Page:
Financing innovative therapies in the era of COVID-19: The collaborative work ahead

Maya Tsukernik
Vice President, Growth, Aetion

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Much discussion surrounds how our society will pay for curative and high cost therapies, including cell and gene therapy. And while COVID-19 challenges the execution of clinical trials and further raises affordability concerns, it has also created opportunities—including unprecedented collaboration and increased use of telehealth—that can support future innovative therapies.

A cross-sector panel recently sat down (virtually!) to discuss these topics at the Biotechnology Innovation Organization’s BIO Digital 2020. Representing the pharmaceutical manufacturer perspective were Cristina Masseria, M.Sc., Ph.D., Vice President of Patient Health and Impact, Vaccines at Pfizer, and Doug Danison, Senior Vice President and Head of Access at bluebird bio. They were joined on the commercial payer side by Steve Miller, M.D., Chief Clinical Officer at Cigna. Investor and former pharmaceutical executive Neal Masia, Ph.D., rounded out the panel, speaking to third party financed mechanisms for bringing innovative therapies to market.

The impact of COVID-19 on development and access to innovative therapies was inevitably top of mind. Dr. Masseria, a health economist, highlighted the uncertainty core to the situation: “We don’t know what the economic and health care system profile is going to look like six months from now, or one year from now.”

Panelists highlighted the challenges employer, commercial, and public payers currently face as their budgets are stretched, further challenging drug access and heightening the need for data and evidence to support drug value. Summarized by Dr. Miller: “Affordability is going to be the number one issue.”

The panel also expressed affordability concerns related to curative therapies for Medicaid, which is largely funded by a strained pool of state tax dollars. Dr. Masia noted the prevalence of pediatric indications among gene therapies, with affected children often covered by Medicaid. He raised real-world evidence (RWE) as one potential solution, which can help “spread out payments over time” and support payer coverage of a certain outcome.

Regarding innovative payment mechanisms for access, Mr. Danison commented that “the system is not set up” to cover one-time treatments with potentially long-term benefits. Therefore, new payment models are needed to accommodate them, and bluebird identified core principles to guide them through this process—including a focus on putting value at risk. Dr. Masia further noted that innovation will require the use of third parties, and that “RWE will need to track people over time, in aggregate, in a very credible way.”

Further discussion centered on the potential of secondary markets to develop, which can help bring liquidity and smooth the flow of payments over time. Example market participants may include reinsurance companies, or innovative players focused on ways to separate the types of risk associated with a drug, like performance or pricing risk. Nonetheless, Dr. Masia cautioned, “solutions are largely to come.”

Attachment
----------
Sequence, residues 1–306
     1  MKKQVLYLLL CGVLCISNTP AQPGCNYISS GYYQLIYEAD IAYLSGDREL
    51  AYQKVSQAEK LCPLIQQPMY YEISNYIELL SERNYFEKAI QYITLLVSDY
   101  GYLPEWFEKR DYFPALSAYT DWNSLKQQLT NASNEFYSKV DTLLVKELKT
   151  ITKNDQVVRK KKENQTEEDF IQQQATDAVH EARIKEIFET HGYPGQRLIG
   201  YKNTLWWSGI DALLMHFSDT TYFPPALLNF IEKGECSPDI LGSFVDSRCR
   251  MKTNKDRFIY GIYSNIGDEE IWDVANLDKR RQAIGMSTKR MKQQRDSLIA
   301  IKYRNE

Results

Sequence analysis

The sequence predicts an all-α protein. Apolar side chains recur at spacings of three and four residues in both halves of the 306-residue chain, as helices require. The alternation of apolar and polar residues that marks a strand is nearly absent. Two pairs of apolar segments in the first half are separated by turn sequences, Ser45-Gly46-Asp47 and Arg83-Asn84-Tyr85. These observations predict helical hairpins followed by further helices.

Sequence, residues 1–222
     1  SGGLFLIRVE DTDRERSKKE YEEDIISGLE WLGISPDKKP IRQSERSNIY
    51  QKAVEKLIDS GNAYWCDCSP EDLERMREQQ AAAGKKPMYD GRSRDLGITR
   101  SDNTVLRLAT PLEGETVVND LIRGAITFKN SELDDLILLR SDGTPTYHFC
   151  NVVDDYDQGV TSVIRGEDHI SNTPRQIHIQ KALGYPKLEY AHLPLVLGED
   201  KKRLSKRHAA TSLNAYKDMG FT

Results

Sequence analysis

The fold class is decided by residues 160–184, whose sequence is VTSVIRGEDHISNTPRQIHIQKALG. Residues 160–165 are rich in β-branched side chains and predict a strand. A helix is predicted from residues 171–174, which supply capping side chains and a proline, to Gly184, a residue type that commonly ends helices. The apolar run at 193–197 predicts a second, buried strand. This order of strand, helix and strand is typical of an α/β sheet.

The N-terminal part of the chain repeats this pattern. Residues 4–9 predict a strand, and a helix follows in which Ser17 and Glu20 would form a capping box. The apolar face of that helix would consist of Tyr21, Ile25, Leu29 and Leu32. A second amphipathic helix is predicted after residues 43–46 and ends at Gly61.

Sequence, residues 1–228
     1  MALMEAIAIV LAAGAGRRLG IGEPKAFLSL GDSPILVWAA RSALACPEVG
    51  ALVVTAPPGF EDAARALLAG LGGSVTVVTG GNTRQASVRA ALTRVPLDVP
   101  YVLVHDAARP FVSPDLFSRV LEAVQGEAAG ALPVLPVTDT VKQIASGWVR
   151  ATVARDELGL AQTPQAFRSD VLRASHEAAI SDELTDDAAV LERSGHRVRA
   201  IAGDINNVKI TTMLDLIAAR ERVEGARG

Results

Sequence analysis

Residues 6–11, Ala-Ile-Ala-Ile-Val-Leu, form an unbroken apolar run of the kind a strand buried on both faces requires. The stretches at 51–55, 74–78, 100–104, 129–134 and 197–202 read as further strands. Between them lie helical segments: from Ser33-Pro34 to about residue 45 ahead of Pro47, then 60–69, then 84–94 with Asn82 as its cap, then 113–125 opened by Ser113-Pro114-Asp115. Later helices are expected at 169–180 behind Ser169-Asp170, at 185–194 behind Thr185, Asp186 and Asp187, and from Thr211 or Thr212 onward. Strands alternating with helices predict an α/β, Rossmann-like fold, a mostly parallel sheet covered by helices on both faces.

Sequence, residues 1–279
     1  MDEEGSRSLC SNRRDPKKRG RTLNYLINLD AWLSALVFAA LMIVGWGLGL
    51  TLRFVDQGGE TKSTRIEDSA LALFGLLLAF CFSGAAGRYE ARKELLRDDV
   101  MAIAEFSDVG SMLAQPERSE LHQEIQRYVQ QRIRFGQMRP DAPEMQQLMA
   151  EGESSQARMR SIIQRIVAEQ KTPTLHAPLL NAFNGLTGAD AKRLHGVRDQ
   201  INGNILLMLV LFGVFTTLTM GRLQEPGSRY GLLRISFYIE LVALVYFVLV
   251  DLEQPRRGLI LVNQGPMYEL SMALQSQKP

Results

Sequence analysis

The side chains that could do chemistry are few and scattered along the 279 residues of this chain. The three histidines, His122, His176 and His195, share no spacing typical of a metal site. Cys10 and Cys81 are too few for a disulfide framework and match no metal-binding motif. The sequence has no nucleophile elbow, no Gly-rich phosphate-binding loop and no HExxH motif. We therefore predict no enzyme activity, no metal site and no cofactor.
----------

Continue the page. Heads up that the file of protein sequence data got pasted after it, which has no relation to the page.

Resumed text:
One such emerging solution is Embarc Benefit Protection℠, developed by Dr. Miller and his colleagues at Cigna and its Express Scripts unit. The solution is based on the belief that, as Dr. Miller explained, “we have to be as innovative on the payment side as the biotech industry is on the science side.” The platform functions as a mechanism for employers and other payers to access high-cost gene therapies with no patient co-pay, at a flat per member per month (PMPM) rate for their populations. Today, Embarc includes Spark’s Luxturna® and Novartis’ Zolgensma®, and is looking to expand to other areas such as sickle cell disease and thalassemia as new gene therapies are approved. As Embarc grows, Dr. Miller said the underlying mechanisms must evolve to serve a larger population and broader set of diseases; “we’re working on that right now,” he noted.

Comments on silver linings from COVID-19 were plentiful, including unprecedented collaboration across the health care industry to develop treatments and vaccines. “We have never seen this level of cooperation across manufacturers, payers, providers, and others,” Dr. Miller said. “And, when you think about the scientific collaborations that are going on now, companies that previously would never have worked with others are now collaborating.”

Dr. Miller also raised the growth of telehealth and digital health innovations as a positive result of COVID-19, as people are looking to meet their health care needs without leaving home. For example, Cigna uses Bluetooth-enabled glucose monitors to follow over 100,000 patients with diabetes, and help them manage their care. They plan to use similar tools to support members with hypertension, heart failure, and other diseases, and already have a program running with remote monitoring through asthma inhalers.

The panel’s pharma participants echoed Dr. Miller’s optimism regarding collaboration, particularly with the public sector. “The level of trust between the government, the issuer, the payers, and pharma has increased enormously,” Dr. Masseria said. By working closely with payers and governments, Dr. Masseria hopes to see progress in policy changes that weren’t previously possible. Mr. Danison emphasized the need to capture this moment to achieve legislative progress: “We are in a unique period in time, and I hope this gives people time to focus on the need for change.”

Ultimately, the group highlighted that in order to bring innovative gene and cell therapies to market, it is critical to work across sectors and to think differently than we have in the past. And this panel discussion was a representation of just that.

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